Political leaders from the Republic of Ireland will be invited to participate at a war commemoration at the Cenotaph in Belfast for the first time.
According to a report in the Belfast Telegraph this week, the unprecedented motion calling for the Irish government to join Battle of the Somme and Armistice Day ceremonies in the North was backed by all parties except Sinn Fein when it was proposed at a full meeting of Belfast City Council on Wednesday.
The proposal, the first of its kind, was submitted by nationalist representative Pat McCarthy who told the press he believed that the 'time was right' to further normalize relationships between Belfast and Dublin.
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'For a long time in the history of the Republic, that period (the First World War) was forgotten and was something which was never talked about,' the veteran Social Democratic and Labor Party (SDLP) politician told the chamber.
'But that has now changed and there are many groups which have been formed to look at the history of people from the local area who took part in the First World War. Indeed, it is to be welcomed as it is part of the complex relationships between all parts of Ireland. I think it is now time (to invite) the government in Dublin to participate at the Somme commemoration and the Remembrance Sunday ceremony here in our city.'
Under consideration is the Republic's Deputy Prime Minister Eamon Gilmore, who could be nominated to participate in the annual events in July and November.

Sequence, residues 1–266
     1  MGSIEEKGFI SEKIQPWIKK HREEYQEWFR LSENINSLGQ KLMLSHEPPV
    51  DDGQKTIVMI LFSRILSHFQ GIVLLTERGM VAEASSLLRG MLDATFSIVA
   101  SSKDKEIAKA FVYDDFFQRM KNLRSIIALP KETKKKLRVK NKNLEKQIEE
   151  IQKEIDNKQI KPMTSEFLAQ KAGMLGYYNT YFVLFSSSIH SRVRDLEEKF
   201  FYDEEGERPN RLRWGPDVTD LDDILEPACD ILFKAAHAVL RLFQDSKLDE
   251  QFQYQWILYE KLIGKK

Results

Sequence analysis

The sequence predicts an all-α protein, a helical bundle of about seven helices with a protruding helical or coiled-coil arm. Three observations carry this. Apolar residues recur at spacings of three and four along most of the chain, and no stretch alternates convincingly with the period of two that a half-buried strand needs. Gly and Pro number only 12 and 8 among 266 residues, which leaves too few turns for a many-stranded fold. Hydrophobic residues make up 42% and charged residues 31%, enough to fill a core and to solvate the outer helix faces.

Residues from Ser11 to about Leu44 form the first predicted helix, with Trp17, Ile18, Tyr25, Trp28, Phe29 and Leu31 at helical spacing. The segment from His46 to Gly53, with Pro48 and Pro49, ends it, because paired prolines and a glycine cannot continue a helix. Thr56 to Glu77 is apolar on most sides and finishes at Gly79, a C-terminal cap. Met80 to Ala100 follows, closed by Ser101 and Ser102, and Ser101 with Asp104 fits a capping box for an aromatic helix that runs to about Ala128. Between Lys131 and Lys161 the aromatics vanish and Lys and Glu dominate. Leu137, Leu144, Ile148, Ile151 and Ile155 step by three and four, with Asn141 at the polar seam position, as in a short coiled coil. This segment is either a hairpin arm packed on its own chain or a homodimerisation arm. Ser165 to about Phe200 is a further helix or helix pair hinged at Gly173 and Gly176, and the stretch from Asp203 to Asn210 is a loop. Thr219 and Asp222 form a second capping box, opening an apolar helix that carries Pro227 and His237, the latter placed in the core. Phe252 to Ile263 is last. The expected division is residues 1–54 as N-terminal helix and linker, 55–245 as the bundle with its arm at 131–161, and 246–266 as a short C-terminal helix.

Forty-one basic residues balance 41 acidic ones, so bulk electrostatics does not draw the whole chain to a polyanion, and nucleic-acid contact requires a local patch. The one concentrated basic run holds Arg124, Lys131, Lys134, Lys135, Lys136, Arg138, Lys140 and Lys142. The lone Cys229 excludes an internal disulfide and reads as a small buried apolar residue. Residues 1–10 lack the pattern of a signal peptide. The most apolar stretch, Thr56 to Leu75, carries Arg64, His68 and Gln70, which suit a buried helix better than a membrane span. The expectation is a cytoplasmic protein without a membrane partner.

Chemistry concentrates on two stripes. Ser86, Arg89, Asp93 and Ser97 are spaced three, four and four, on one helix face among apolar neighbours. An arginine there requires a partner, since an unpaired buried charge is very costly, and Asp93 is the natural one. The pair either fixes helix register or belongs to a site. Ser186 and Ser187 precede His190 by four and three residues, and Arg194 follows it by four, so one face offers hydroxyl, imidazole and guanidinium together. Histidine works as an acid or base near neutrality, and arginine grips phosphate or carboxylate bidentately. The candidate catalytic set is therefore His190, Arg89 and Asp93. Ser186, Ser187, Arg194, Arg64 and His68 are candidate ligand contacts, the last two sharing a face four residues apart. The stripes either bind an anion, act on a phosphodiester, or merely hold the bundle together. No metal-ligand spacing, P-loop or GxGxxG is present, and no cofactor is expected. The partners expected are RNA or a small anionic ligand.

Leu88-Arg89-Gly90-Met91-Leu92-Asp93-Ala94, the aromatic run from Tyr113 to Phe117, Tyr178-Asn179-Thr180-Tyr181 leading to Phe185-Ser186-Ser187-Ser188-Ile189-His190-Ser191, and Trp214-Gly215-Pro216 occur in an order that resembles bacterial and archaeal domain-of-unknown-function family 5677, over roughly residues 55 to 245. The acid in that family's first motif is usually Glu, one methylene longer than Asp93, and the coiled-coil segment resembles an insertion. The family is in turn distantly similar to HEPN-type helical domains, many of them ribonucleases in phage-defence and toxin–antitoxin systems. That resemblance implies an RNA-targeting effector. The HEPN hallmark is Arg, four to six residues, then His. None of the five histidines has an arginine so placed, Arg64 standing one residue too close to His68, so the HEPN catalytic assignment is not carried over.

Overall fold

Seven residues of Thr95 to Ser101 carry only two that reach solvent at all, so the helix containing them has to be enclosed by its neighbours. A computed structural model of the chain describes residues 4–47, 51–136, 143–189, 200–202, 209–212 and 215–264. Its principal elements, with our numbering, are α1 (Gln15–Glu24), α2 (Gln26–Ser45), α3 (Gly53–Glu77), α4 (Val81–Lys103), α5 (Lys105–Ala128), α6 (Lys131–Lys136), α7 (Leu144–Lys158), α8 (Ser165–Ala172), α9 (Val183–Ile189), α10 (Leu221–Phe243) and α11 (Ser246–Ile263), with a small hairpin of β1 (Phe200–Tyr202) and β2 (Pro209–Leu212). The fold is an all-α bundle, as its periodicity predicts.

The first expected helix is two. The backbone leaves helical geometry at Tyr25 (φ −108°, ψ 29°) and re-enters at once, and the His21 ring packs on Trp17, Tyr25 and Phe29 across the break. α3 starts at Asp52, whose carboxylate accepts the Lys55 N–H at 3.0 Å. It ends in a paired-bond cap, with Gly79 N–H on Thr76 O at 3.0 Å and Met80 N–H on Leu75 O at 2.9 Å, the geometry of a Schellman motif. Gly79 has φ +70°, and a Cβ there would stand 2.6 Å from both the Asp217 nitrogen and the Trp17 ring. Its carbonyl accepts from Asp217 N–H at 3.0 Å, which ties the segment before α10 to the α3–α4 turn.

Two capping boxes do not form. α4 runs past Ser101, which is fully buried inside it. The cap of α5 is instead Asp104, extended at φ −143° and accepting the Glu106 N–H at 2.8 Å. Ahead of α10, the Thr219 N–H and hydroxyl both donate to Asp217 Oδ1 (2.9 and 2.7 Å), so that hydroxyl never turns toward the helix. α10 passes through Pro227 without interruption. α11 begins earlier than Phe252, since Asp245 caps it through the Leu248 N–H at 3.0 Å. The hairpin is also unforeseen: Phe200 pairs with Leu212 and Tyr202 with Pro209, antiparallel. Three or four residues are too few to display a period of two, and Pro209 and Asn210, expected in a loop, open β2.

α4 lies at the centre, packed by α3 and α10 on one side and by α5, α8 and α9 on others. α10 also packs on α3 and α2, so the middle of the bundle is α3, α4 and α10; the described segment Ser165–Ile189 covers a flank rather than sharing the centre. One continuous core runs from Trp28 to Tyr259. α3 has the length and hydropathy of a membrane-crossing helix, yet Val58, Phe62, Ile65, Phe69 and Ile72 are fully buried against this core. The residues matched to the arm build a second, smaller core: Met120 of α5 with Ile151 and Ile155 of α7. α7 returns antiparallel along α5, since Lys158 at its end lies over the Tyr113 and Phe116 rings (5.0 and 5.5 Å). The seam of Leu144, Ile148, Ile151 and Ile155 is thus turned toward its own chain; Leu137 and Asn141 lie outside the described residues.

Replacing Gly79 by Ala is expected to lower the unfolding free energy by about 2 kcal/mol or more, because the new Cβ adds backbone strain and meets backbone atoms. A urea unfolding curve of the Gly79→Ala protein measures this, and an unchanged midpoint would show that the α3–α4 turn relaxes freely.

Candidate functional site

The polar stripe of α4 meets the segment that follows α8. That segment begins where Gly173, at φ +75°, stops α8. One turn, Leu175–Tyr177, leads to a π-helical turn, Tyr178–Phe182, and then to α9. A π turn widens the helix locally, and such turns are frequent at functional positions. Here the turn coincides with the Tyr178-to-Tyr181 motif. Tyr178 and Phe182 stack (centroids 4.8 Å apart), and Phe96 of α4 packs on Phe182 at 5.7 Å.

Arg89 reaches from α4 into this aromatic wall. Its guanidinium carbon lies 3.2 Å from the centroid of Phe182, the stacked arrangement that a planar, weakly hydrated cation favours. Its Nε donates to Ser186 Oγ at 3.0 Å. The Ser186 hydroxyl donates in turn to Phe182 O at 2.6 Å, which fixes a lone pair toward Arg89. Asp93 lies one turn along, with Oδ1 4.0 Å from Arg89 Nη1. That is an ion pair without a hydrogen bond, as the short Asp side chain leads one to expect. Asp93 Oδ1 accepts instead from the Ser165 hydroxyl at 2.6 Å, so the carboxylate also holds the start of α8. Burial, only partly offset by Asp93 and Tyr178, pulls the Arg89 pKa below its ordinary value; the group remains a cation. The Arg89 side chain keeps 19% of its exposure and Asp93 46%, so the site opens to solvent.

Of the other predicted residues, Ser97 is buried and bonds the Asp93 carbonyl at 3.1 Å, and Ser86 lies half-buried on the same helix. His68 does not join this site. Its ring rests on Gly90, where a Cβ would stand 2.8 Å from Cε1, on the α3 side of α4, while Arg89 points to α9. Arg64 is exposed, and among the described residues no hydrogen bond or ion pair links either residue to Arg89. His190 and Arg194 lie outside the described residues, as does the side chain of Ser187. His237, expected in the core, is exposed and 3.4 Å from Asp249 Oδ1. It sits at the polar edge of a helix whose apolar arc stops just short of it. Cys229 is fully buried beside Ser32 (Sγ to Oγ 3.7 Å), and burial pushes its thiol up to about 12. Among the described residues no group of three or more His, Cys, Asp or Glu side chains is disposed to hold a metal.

Echoing McCarthy's sentiments, Christopher Stalford from the Democratic Unionist Party (DUP) seconded the motion and said: 'People from the nationalist or Home Rule background who went and fought in France were effectively written out of history, their memory was sullied.'
Sinn Fein has held a separate commemoration before the official Somme anniversary ceremony since 2002. Party heads have layed a laurel wreath at the Cenotaph two hours before the main event, an event begun by former Lord Mayor Alex Maskey during his tenure at City Hall.
Belfast's current Lord Mayor Niall O'Donnghaile has claimed that republicans will consider attending the main event if significant changes were made. O'Donnghaile's own great uncle Frank Alexander O'Boyle died at the Battle of the Somme while fighting with the Royal Leinster Regiment.
However, republican leader at City Hall Jim McVeigh made his opposition to the proposal clear this week, branding the motion 'premature and ill thought-out.'
'We should remember these people, but our representatives are not interested in celebrating the fact that thousands of men were led to the slaughter in an imperialist war,' added McVeigh. 'They were brave men, yes. But, lions led by donkeys in some respects," Mr McVeigh said.
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